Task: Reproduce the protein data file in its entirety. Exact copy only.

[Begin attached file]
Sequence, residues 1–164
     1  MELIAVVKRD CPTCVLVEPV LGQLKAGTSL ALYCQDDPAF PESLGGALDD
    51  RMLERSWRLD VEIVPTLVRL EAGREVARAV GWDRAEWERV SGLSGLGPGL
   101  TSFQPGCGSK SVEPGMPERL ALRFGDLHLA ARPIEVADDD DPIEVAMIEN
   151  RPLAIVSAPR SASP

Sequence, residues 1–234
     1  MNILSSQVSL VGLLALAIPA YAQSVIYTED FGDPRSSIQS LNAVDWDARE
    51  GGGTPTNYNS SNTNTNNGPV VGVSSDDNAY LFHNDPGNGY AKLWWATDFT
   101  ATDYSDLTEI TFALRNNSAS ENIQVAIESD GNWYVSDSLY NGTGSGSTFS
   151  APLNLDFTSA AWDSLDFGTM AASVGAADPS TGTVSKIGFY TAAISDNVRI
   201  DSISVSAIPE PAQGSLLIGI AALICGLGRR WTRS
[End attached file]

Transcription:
Sequence, residues 1–164
     1  MELIAVVKRD CPTCVLVEPV LGQLKAGTSL ALYCQDDPAF PESLGGALDD
    51  RMLERSWRLD VEIVPTLVRL EAGREVARAV GWDRAEWERV SGLSGLGPGL
   101  TSFQPGCGSK SVEPGMPERL ALRFGDLHLA ARPIEVADDD DPIEVAMIEN
   151  RPLAIVSAPR SASP

Sequence, residues 1–234
     1  MNILSSQVSL VGLLALAIPA YAQSVIYTED FGDPRSSIQS LNAVDWDARE
    51  GGGTPTNYNS SNTNTNNGPV VGVSSDDNAY LFHNDPGNGY AKLWWATDFT
   101  ATDYSDLTEI TFALRNNSAS ENIQVAIESD GNWYVSDSLY NGTGSGSTFS
   151  APLNLDFTSA AWDSLDFGTM AASVGAADPS TGTVSKIGFY TAAISDNVRI
   201  DSISVSAIPE PAQGSLLIGI AALICGLGRR WTRS